By Richard Rhinehart
July 4, 2014, Arlington, Virginia – Under gray, leaden skies, CanAm Veterans’ Challenge riders are awakening this morning for their final day of the inaugural ride, a ten mile journey across the Potomac River to the Capitol of the United States of America.
With Hurricane Arthur churning southeast of the Washington capital region along the Virginia coast, the riders today face scattered showers and breezy conditions. Fortunately, the exceptional heat of the last few days has moved on, courtesy of a passing cold front late on July 3 that brought high winds, frequent lightning and heavy rain.
For many riders, the penultimate day of riding from Frederick, Maryland to Arlington provided an opportunity to reflect upon their journey from Ottawa, the nearly 800 miles passed, the people they met during the ride and the new friends they made along the way. Arriving in Arlington by mid-afternoon, prior to the arrival of the cold front and its heavy thundershowers, the team was able to relax before attending a buffet dinner presented by sponsor Benson Botsford. At the dinner, several riders spoke of their experiences along the journey and staff members were recognized for their many valued contributions during the successful ride across four states and one province.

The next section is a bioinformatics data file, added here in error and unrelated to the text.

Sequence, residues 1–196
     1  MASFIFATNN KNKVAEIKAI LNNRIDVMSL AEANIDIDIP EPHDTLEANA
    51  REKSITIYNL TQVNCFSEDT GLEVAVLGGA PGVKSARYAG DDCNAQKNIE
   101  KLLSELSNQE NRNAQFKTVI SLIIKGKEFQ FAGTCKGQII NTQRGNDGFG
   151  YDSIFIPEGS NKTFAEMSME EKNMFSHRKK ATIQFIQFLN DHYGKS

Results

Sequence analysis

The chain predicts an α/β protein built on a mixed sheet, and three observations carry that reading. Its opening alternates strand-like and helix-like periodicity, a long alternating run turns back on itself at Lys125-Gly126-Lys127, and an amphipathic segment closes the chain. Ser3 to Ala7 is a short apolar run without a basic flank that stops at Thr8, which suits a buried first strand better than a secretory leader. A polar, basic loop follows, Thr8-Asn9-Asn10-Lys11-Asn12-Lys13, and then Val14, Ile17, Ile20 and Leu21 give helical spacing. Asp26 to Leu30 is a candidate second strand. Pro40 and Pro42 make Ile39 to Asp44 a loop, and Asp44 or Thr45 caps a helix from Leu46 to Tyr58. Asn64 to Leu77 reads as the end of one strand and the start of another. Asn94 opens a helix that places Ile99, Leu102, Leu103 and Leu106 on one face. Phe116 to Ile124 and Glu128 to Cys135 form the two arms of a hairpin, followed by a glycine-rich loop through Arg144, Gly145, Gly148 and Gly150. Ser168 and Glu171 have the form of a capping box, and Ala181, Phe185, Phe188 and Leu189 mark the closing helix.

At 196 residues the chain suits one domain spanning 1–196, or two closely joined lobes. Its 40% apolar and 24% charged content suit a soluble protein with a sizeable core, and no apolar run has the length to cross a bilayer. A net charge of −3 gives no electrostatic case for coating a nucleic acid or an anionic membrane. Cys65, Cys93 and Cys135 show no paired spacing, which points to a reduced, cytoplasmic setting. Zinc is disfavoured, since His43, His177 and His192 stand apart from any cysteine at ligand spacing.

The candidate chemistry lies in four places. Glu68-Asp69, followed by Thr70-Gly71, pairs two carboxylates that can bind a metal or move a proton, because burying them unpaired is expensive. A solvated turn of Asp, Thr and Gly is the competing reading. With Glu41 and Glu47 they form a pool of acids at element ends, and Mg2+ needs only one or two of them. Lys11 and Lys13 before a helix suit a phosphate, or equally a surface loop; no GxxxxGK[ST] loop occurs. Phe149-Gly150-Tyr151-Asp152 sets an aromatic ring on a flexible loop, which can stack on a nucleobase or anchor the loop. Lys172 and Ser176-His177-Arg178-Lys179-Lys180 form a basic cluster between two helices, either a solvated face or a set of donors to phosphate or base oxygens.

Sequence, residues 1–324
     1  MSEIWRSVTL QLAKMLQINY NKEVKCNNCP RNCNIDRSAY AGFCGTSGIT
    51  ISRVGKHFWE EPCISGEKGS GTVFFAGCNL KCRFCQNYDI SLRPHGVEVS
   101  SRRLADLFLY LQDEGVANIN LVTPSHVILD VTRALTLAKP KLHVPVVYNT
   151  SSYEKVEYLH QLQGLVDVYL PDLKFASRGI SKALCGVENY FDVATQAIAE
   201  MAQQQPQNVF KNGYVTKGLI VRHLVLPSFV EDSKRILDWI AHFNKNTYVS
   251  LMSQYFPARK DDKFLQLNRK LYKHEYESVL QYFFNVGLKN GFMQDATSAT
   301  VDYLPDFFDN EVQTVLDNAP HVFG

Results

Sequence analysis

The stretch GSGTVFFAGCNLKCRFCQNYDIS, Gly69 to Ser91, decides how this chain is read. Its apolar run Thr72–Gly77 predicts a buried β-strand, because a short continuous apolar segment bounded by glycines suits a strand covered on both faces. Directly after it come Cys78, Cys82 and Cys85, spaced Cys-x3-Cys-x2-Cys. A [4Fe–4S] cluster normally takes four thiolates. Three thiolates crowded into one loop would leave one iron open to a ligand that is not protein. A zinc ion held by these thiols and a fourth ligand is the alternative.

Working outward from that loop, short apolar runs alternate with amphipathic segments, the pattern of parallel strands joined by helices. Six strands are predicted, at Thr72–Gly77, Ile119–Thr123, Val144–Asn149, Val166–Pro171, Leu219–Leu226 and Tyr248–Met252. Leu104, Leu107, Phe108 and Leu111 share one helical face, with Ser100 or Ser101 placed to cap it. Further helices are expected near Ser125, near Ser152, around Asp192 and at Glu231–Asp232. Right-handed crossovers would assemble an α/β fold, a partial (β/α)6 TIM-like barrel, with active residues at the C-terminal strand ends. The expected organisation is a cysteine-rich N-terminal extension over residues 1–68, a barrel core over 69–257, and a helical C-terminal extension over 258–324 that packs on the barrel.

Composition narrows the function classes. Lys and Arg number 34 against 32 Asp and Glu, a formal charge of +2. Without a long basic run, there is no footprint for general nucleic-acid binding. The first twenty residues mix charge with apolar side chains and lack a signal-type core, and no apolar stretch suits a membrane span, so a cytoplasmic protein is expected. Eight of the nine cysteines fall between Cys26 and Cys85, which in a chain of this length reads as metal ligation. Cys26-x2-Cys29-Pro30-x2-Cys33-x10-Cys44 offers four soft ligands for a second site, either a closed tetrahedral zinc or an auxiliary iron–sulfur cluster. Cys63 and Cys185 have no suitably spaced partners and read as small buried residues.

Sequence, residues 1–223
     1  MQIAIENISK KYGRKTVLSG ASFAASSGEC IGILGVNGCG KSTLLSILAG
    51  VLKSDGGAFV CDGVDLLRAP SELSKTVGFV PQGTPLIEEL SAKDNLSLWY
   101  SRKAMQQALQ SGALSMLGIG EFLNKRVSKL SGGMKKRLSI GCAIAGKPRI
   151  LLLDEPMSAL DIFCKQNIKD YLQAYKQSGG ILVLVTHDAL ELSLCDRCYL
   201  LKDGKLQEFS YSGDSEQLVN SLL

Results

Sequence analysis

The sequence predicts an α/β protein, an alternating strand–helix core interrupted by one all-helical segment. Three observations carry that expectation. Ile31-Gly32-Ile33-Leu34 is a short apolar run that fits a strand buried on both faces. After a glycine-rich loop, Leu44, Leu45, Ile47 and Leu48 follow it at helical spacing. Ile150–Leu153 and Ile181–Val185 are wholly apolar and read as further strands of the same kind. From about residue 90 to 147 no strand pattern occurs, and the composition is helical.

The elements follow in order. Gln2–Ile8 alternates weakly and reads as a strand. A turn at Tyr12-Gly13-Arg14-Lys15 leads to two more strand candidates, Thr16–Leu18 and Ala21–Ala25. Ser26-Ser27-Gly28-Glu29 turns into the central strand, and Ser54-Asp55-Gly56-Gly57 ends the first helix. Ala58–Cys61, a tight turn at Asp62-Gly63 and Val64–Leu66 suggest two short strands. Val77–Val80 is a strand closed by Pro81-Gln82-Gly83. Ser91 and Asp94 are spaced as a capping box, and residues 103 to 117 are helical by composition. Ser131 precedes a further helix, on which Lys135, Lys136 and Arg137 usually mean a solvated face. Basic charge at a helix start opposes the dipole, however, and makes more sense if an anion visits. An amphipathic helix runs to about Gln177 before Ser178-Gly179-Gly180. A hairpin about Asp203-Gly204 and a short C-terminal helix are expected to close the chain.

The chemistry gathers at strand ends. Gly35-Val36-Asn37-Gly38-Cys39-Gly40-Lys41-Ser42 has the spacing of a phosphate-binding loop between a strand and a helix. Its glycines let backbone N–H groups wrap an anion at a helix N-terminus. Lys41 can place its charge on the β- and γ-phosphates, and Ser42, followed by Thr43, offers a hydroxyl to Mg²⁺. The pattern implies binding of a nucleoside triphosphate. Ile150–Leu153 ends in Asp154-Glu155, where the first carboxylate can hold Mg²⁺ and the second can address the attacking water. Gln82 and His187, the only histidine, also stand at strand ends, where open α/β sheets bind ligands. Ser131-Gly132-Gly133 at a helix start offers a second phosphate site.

The schedule for the CanAm’s final day is surprisingly busy. Team members were to depart the Marriott Crystal Gateway in Arlington for the Capitol at 7:45 a.m., arriving for a final ceremony by 8:30. Next on the schedule is breakfast at the Canadian Embassy in Washington, followed by participation in the National Independence Day Parade on the National Mall. Then, the riders are free to explore the capital on the nation’s birthday. Fireworks this evening over the city will cap off the day.
World T.E.A.M. Sports CEO and President Van Brinson announced at the Thursday dinner that although the inaugural CanAm Veterans’ Challenge is ending, the next edition is already in the planning. It is tentatively scheduled for June 2016, following a course from Washington D.C. north into Canada, ending on Canada Day, July 1.